During much of the 1800s, artists created fashionable bird’s-eye-view maps depicting towns throughout the country. With the use of lithography, these images could be mass-produced and circulated as needed. Although artists and lithographers used almost anything as subject matter, the settlement of the American West and inevitable founding of new towns created several new subjects for artists to draw. City boosters often commissioned artists to render flattering depictions of a given city, which a lithographer transformed into a lithograph. Boosters then used the lithographs to promote their cities in order to attract settlers, investors, and businesspersons. City lithographs hit their peak popularity between the 1880s and 1920s. It is not surprising that bird’s-eye-view maps of Boise exist as artists created thousands, utilizing towns of all sizes, during the nineteenth century. While few lithographers actually saw their subject in person, the illustrations of Boise are remarkably detailed and accurate thanks in part to the work of talented artists. Only in one case did a lithographer make a blatant change to an image of Boise. Generally, modifications by lithographers were rare and most consider the representations they created to be reliable.
This is a view of Boise, created by Austrian born Ostner, looking south from above Fort Boise. This was the most popular map of Boise in lithographs as it depicts the river as well as the huge expanse of open land on the other side. City boosters used such pictures to show that while the urban area was well developed, there was still plenty of room for further growth. The lithographer inexplicably changed the poplar trees in this sketch to evergreens.
This drawing is extremely similar to Charles Ostner’s 1878 drawing of the City. This view, too, is from above Fort Boise looking south toward the river.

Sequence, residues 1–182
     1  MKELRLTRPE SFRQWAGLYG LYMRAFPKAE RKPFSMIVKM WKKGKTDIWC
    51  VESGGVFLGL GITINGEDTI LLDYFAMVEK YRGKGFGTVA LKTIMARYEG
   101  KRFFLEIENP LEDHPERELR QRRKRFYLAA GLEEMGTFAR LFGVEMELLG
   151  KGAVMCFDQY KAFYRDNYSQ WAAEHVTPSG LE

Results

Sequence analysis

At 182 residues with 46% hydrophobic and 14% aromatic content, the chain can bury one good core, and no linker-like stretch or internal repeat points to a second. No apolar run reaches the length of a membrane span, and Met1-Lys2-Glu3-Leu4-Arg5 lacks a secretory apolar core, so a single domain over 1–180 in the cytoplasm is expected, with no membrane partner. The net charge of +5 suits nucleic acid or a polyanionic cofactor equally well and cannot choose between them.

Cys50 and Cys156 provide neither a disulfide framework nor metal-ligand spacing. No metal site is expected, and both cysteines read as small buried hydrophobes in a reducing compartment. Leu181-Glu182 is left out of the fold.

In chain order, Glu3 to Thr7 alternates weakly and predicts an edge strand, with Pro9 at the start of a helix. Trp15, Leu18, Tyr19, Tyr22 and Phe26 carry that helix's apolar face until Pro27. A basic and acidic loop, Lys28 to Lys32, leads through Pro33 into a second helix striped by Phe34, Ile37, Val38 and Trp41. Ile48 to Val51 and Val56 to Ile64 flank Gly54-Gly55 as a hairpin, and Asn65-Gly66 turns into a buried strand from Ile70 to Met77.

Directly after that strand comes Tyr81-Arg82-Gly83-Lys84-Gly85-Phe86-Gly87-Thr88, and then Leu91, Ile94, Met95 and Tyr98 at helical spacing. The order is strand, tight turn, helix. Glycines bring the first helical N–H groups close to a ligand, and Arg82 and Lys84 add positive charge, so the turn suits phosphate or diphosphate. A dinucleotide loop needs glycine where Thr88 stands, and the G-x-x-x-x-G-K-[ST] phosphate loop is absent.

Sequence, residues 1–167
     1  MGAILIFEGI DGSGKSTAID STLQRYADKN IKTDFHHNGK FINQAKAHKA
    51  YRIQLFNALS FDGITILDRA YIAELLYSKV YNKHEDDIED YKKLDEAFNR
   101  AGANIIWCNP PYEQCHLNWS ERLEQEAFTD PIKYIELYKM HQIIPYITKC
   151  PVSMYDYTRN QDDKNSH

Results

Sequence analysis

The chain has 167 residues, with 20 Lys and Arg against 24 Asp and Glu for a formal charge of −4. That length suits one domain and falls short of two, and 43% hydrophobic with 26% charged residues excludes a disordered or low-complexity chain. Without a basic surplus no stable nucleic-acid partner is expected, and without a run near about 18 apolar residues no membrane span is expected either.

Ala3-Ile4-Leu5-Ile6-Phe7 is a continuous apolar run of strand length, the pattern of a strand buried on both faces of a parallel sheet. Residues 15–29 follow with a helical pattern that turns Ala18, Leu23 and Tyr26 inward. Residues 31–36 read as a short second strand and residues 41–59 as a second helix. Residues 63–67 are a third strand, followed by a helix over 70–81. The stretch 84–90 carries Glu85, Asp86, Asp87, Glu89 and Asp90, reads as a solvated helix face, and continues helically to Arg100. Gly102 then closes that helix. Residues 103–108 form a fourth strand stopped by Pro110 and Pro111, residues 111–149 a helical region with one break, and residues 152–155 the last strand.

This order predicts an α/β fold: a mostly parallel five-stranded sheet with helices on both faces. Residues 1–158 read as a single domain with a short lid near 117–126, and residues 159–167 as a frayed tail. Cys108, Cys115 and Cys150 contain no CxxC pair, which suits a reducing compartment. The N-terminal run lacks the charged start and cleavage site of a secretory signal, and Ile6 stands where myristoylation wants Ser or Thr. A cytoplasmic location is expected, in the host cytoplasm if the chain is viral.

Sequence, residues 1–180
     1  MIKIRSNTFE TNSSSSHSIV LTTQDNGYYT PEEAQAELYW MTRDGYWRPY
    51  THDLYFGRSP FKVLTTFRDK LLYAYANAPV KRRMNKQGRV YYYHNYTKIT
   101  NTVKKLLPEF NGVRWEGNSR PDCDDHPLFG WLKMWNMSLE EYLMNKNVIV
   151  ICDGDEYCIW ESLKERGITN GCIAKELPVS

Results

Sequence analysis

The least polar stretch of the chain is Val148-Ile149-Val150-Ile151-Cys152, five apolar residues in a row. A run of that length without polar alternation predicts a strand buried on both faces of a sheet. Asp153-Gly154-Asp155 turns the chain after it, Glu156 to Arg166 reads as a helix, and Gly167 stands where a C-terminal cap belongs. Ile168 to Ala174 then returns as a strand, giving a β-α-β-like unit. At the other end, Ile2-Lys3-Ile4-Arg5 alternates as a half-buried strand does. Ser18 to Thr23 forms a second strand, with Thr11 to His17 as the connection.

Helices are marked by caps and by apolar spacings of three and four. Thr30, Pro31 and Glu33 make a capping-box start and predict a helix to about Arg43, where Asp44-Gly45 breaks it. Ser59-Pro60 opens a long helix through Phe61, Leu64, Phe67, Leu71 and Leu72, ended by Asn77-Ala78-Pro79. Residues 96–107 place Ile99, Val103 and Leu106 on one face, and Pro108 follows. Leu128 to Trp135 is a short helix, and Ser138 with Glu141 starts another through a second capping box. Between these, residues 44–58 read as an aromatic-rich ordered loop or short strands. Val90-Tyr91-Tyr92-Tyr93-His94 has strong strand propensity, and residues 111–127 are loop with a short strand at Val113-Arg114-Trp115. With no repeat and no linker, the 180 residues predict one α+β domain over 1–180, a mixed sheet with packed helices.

This view is from the Ada County Courthouse looking south and depicts sixth, seventh, and eighth streets. Most prominent in this picture is the number of trees throughout the city, many of which were planted by developers such as W. E. Pierce.
This detailed drawing by renowned German artist Augustus Koch depicts what is presumably the old bench depot in the upper left of the picture as well as the bridges once used to cross both paths of the Boise River to the south. Also shown are Thomas Davis’ tree orchards on the south side of town, Arnold’s Addition to the north, and the racetrack to the west. Koch’s unusual style of drawing cities as if they were located on a steeply tilted plane allowed him to depict the buildings in the background almost as large as those in the foreground.
This drawing appeared in the Idaho Statesman in 1890. The building in the foreground is the Central School and the view is to the south. The waterwheel lined street in the upper left is once prominent residential district Grove Street while the upper right depicts Table Mountain, now known as Table Rock.